I knew I had pushed myself into this preventable injury, and I’ve just been hoping the last few weeks that this go-around with my achilles tendon is not a really serious injury. If I had just taken my weekly running sabbaths and increased my mileage more slowly, instead of jumping into 50-mile weeks in the 100º heat, this achilles injury probably would never have happened. If I had just taken a couple days off when my achilles 1st starting hurting, instead of running hard on it for 6 more days, it probably would have gone away quickly. Yet here I am more than a month later, still trying to get over this overtraining injury. I have had to scrap any fall marathon plans and abandon any hopes of running fast for the near future. I lost my way for a little while, ignored common-running-sense, ignored my wife telling me to take rest days, and ignored early warning signs of overtraining that my body was giving me. Now I am paying the price.

After my 41-day running streak ended in injury, I did not run a mile for 12 days. I biked once and did some hiking on our camping trip to Fall Creek Falls, but I basically took almost 2 weeks off. Then I tried alternating running days with biking, but I still was not running without achilles pain, partially because I was still trying to run fast. It was hard because the temperature had dropped a bit, and my muscles were well-rested from the time-off. Most of my body wanted to run fast again, but the achilles to my running is literally my achilles tendon. Even after a 12-day break, I was running in pain.


I believe in active recovery from injuries. I always just have to figure out what I can do that does not exacerbate the injury. The answer is almost always the same: my stationary bike (My model is the “Exerpeutic Folding Magnetic Upright Bike with Pulse”). It is probably the best $120 I have ever spent, and for the last 18 months, every time I have had any type of running injury, I have always defaulted back to my trusty stationary bike. It always allows me to get in some quality cardio workouts while also allowing injuries to heal. In fact, during my training for the Carmel Marathon a few months ago, my stationary bike helped me create a new long-run workout routine in which I would do 3 hours 45 minutes of endurance training on long-run days. If I ran for 2:30, I would follow that with 1:15 on the bike. My goal time for the marathon was 3:45, so I was hoping to get my body used to exercising for 3:45 (but without the wear and tear of running a full marathon every Friday). This is what I began to notice from these workouts: when I rode my stationary bike immediately after running 20 miles, my legs felt better and recovered faster than they did when I just ran 20 miles and stopped there for the day. My best training workout ever included a 21-mile run followed by a 21-mile bike-ride, and I felt great afterward, as biking was almost therapeutic.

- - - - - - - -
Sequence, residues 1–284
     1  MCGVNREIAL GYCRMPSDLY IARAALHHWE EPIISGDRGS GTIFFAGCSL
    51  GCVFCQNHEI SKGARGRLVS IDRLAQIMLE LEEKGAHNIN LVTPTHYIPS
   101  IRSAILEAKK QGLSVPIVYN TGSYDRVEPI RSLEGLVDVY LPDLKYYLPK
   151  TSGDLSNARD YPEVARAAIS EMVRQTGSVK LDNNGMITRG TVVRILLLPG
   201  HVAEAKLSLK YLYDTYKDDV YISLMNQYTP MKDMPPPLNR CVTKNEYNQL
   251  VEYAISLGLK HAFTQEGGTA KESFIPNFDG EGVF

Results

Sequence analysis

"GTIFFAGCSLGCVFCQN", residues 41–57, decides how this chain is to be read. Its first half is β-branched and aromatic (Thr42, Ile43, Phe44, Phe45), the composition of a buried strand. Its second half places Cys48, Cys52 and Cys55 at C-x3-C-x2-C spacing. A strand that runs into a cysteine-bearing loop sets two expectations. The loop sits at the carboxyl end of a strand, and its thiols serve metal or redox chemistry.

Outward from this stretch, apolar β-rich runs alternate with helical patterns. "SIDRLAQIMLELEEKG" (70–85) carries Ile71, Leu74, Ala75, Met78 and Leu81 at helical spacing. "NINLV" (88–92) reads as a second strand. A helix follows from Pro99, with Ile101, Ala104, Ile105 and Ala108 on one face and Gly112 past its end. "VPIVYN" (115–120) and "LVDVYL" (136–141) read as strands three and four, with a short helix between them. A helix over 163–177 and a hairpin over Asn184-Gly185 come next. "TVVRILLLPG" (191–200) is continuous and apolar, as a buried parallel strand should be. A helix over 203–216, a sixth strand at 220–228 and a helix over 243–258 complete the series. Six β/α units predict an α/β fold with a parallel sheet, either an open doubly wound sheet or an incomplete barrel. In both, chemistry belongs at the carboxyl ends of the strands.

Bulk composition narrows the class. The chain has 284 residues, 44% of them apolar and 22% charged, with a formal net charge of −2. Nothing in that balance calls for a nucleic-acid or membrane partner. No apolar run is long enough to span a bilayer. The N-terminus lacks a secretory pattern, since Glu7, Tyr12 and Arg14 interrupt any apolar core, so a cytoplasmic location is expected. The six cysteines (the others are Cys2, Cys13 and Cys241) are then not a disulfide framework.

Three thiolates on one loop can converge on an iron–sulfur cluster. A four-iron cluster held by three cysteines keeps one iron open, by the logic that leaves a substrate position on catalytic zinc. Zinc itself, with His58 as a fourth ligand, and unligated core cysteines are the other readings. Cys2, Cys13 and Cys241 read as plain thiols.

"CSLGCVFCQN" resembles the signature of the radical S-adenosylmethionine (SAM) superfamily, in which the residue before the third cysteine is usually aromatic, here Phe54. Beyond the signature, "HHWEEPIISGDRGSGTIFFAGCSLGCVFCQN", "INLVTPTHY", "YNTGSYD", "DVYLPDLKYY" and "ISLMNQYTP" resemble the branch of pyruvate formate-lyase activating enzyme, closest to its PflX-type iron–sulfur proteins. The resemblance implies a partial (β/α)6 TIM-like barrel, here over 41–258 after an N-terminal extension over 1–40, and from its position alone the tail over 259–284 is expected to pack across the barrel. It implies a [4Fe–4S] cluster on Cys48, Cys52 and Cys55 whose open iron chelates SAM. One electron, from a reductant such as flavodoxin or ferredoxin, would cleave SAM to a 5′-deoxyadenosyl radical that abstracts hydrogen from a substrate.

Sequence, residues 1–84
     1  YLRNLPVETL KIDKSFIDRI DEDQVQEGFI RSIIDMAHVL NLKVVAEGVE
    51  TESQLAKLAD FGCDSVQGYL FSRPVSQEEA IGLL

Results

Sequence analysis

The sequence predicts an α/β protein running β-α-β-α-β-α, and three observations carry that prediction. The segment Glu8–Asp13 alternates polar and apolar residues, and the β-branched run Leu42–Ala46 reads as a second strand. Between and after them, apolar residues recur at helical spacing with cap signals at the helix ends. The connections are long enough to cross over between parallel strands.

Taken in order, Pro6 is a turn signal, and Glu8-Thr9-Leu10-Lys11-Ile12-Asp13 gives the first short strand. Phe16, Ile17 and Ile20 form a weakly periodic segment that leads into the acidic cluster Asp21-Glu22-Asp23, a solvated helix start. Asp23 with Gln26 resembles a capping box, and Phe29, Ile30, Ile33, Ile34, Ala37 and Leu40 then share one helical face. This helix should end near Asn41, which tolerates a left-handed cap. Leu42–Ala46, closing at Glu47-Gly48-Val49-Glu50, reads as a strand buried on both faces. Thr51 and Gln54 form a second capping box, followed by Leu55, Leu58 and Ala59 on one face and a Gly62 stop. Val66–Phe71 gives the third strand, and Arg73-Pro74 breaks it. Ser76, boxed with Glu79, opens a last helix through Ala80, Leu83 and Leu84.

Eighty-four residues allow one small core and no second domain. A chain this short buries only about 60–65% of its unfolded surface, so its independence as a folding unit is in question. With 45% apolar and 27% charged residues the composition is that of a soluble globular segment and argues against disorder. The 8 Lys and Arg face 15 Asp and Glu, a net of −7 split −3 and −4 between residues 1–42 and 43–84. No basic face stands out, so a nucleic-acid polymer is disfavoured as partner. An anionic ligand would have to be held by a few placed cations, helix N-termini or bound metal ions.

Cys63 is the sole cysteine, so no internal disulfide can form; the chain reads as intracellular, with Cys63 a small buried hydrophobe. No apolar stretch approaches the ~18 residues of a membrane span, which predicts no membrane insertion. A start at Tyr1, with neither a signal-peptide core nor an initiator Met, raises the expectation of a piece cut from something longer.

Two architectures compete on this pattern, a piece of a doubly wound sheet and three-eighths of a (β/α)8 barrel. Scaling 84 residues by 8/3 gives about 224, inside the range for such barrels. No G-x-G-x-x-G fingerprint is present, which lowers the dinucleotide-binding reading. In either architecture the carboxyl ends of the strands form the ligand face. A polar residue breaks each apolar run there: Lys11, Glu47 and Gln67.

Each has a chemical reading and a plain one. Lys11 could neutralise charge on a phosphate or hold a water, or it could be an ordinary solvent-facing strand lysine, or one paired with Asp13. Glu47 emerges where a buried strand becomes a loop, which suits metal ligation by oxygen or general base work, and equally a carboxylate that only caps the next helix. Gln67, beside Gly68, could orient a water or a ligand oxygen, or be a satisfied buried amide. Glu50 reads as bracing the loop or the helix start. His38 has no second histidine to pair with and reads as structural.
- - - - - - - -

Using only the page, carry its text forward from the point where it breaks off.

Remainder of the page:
So as I have been trying to beat this latest achilles tendon injury, my stationary bike has once again been key to my recovery. I have been doing some great biking workouts, which include speed segments, hills segments and endurance long-rides. All of these workouts are without achilles pain. Since running still hurt, I just did bike workouts for about a week. Then a few days ago I tried something new.